Courtesy of Jeff Holley, executive chef at the Capitol Grill at the White House hotel in the western San José suburb of Escazú.
There is an art to properly cooking your Thanksgiving turkey. A perfectly roasted bird should have a rich, golden skin and tender, succulent meat. An eight- to 12-pound turkey should easily feed a hungry family of six.
Preheat your oven to 325 degrees Fahrenheit, then place the bird in a roasting pan with a wire rack to allow proper air circulation during the cooking process. If you choose to stuff your bird, do so just before putting it into the oven to prevent any possibility of food-borne illnesses. Also, stuffed turkeys require a longer cooking time – about half an hour more.
An unstuffed turkey should reach 175 degrees in about two hours and 45 minutes to three and a half hours. Keep in mind that it will continue cooking during the setting process and will peak in temperature at about 180 degrees or more. Regular basting will retain moisture. To avoid over-browning, you can loosely cover with aluminum foil during the last hour or so. A meat thermometer will ultimately determine doneness, but you’ll know when the legs move freely.
Cornbread and Pecan Stuffing
This stuffing is richer if stuffed in the bird itself, but is still very tasty baked in a casserole dish. I use the meat from the neck and giblets along with chicken stock to create the best results. Here’s the recipe:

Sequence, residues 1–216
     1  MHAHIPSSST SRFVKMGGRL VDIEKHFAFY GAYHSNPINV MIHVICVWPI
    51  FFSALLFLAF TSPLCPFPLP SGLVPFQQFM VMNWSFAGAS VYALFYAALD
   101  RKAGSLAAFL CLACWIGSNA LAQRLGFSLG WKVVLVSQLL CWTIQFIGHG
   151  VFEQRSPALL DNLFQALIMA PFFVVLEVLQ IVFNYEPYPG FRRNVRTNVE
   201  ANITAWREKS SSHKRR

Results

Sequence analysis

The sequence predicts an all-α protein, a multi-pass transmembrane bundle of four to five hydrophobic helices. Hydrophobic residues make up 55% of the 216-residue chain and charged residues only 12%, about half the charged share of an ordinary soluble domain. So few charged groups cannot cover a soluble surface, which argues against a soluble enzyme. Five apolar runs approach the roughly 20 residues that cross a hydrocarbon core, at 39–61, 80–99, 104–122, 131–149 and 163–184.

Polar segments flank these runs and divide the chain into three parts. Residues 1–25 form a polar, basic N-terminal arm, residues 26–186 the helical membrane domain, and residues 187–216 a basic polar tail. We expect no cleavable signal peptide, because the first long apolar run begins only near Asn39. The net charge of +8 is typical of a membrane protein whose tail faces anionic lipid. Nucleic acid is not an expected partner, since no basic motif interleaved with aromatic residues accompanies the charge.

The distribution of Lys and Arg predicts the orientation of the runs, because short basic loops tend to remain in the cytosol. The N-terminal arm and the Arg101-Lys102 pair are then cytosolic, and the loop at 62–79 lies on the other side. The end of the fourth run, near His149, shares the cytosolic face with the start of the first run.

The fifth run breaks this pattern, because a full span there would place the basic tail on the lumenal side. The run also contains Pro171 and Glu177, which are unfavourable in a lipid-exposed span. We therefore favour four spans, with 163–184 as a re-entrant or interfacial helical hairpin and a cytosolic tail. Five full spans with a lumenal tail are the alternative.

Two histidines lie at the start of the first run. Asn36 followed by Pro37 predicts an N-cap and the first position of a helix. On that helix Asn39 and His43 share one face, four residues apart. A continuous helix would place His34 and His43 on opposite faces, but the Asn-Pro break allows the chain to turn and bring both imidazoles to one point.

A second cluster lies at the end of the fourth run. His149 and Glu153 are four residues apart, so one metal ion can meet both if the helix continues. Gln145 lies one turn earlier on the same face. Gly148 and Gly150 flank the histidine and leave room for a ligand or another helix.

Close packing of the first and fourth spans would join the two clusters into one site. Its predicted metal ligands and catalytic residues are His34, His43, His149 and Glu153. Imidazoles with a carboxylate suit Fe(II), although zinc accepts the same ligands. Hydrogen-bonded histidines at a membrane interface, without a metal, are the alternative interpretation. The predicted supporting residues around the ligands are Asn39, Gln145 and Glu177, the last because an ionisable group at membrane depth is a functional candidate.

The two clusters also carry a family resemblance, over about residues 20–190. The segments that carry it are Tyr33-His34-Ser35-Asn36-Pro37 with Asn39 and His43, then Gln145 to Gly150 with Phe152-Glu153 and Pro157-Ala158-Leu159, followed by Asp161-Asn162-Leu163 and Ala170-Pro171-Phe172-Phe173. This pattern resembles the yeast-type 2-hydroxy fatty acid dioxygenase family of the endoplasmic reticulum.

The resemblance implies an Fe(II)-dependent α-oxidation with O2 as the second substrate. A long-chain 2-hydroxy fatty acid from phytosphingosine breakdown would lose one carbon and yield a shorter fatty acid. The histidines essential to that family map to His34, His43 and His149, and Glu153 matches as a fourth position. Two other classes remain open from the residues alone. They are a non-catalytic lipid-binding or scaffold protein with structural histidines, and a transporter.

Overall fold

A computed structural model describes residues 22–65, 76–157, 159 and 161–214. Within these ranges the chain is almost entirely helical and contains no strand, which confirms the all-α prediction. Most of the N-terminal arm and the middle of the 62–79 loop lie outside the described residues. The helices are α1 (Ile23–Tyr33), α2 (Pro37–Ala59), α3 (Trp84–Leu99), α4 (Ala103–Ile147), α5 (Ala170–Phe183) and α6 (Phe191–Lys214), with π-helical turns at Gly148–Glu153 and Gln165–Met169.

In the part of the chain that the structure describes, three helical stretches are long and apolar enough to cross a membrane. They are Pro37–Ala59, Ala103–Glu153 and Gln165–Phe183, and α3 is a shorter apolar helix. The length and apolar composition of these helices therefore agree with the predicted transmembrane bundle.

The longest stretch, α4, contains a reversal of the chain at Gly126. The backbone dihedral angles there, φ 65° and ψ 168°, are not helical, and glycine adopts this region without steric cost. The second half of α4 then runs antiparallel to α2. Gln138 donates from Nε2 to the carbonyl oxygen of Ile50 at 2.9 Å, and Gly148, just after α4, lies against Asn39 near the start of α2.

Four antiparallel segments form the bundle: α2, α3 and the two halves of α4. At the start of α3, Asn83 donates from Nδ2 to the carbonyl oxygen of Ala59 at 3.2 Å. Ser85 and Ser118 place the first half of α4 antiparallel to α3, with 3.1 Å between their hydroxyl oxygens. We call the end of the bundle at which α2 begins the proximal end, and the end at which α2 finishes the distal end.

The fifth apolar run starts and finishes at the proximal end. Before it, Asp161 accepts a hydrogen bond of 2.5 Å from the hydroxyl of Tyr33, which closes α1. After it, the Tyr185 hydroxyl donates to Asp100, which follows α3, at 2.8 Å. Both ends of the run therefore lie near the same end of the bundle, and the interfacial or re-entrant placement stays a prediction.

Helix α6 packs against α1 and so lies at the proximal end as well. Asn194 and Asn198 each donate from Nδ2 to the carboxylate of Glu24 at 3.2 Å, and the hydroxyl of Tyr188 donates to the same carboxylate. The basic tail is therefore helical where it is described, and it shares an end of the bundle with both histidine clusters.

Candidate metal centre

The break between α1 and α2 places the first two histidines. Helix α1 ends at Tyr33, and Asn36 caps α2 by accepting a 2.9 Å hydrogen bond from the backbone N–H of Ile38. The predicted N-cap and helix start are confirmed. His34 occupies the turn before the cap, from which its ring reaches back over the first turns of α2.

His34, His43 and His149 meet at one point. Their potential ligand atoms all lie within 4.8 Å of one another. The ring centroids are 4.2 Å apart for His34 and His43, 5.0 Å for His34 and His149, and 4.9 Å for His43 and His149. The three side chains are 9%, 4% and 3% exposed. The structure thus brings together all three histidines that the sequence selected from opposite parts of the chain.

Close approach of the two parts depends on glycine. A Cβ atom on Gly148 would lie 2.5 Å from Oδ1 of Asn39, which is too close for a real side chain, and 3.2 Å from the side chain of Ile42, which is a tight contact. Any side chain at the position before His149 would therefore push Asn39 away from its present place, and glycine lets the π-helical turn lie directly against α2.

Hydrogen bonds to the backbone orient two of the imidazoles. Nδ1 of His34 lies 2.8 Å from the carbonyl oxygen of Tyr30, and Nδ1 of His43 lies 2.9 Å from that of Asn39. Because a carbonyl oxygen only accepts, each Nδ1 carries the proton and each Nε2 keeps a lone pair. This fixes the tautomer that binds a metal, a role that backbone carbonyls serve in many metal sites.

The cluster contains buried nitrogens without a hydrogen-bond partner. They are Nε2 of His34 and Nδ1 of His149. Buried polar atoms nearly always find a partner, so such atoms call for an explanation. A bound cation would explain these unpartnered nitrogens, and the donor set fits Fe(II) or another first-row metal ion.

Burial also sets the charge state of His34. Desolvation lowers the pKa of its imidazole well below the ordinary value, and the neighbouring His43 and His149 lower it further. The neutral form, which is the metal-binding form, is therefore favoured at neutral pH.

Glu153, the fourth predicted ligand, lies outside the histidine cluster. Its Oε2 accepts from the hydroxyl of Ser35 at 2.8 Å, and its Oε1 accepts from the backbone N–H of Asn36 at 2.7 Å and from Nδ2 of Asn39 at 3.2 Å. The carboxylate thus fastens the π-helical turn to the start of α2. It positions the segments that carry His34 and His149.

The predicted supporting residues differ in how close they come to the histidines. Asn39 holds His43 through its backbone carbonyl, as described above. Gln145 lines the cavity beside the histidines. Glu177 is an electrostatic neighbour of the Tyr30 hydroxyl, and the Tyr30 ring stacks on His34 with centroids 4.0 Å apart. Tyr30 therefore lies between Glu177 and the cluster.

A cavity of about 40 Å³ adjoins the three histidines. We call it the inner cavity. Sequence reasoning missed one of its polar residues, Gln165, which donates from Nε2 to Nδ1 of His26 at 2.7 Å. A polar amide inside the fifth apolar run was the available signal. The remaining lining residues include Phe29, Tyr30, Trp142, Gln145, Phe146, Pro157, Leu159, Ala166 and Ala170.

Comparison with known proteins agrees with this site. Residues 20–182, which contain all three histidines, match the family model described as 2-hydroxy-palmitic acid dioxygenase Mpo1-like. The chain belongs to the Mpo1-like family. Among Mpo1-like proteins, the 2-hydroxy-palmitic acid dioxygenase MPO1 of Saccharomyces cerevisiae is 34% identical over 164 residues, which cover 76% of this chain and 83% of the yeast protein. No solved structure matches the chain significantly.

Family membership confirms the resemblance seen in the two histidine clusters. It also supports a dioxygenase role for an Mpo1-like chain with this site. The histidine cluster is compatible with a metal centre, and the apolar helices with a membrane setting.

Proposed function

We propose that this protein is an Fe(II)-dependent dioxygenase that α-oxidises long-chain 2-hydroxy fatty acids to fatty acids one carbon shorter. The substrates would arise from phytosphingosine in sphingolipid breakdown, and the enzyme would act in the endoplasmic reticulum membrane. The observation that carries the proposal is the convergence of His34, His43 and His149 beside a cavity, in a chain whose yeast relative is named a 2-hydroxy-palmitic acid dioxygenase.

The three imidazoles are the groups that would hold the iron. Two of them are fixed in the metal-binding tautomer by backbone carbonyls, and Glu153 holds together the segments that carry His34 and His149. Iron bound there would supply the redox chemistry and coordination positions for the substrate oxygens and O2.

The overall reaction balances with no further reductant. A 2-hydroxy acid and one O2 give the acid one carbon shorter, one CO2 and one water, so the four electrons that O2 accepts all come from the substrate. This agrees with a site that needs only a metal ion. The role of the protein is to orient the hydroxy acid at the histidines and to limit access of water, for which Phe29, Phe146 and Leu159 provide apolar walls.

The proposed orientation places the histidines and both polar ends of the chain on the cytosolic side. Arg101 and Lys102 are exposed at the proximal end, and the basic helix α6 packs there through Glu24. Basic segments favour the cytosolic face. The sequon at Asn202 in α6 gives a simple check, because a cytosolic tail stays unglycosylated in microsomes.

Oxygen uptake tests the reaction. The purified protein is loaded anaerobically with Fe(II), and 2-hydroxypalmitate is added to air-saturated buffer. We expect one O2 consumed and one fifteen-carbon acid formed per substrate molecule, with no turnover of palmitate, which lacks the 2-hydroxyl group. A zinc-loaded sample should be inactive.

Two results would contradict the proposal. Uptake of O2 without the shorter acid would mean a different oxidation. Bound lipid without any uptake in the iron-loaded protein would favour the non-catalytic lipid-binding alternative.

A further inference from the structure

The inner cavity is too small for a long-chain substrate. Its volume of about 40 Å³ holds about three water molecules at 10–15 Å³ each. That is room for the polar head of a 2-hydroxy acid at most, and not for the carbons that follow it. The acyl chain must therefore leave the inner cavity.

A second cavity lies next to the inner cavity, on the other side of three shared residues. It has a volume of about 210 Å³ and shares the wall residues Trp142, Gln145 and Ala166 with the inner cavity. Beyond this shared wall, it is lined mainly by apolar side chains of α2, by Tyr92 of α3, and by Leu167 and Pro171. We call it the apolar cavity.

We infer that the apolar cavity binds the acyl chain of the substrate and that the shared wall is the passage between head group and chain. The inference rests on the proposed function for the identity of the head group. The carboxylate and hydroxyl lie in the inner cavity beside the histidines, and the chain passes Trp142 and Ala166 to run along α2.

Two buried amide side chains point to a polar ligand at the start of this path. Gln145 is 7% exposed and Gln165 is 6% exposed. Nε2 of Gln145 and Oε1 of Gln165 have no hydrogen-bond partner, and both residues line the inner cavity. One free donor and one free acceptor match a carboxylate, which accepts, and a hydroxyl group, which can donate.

1 cup butter, melted
3 celery stalks
1 large yellow onion
1 red pepper
2 cups chicken stock
1/2 tsp fresh ground black pepper (about four twists)
1 tsp kosher salt
16 oz pre-seasoned cornbread stuffing mix (or create your own sage-and-thyme seasoned,
crouton-sized cornbread cubes)
1/4 cup chopped fresh parsley
In a medium sauce pan, bring to boil the neck, gizzards, heart and enough water to just cover it all. Reduce heat and simmer, covered, for 45 minutes, checking your liquid levels occasionally so as not to burn anything, then add the liver and cook for another 15 minutes. Strain broth, pull the meat and discard the bones, saving the broth for the gravy later on.
Sauté the giblets with four tablespoons of butter or bacon fat, then remove giblets. Cook vegetable mixture in the same pan and cook at low to medium heat until caramelized. Chop giblets and combine all ingredients evenly. Now you are ready to stuff your bird. Take care to properly close the “flap” or the “hatch,” or whatever you want to call it, but make sure it’s closed! The leftover mixture can be baked at 325 degrees for 30 minutes in a standard casserole dish.
Home-style Turkey Gravy
A turkey dinner just wouldn’t be the same without home-style turkey gravy, and
here’s the science to show you the way. Honestly there is little science here; just make
sure there aren’t any lumps! Here goes:
Remove rack from roasting pan and sieve your drippings into a big measuring cup. Then add some of the broth created from cooking the neck and gizzards into the pan to loosen up the brownish specks of flavor stuck to the bottom (“deglaze” would be the proper culinary term). Let stand until the fat separates and floats to the top for easy removal.
Keep two tablespoons of turkey drippings and make a roux, adding a couple of tablespoons of white flour and 1/2 tsp kosher salt (because it tastes better) and cooking over medium heat until you see a golden color and bubbles. Gradually add remaining broth and enough liquid, preferably a turkey or chicken consommé or water, stirring continuously. This should make about three to four cups of gravy.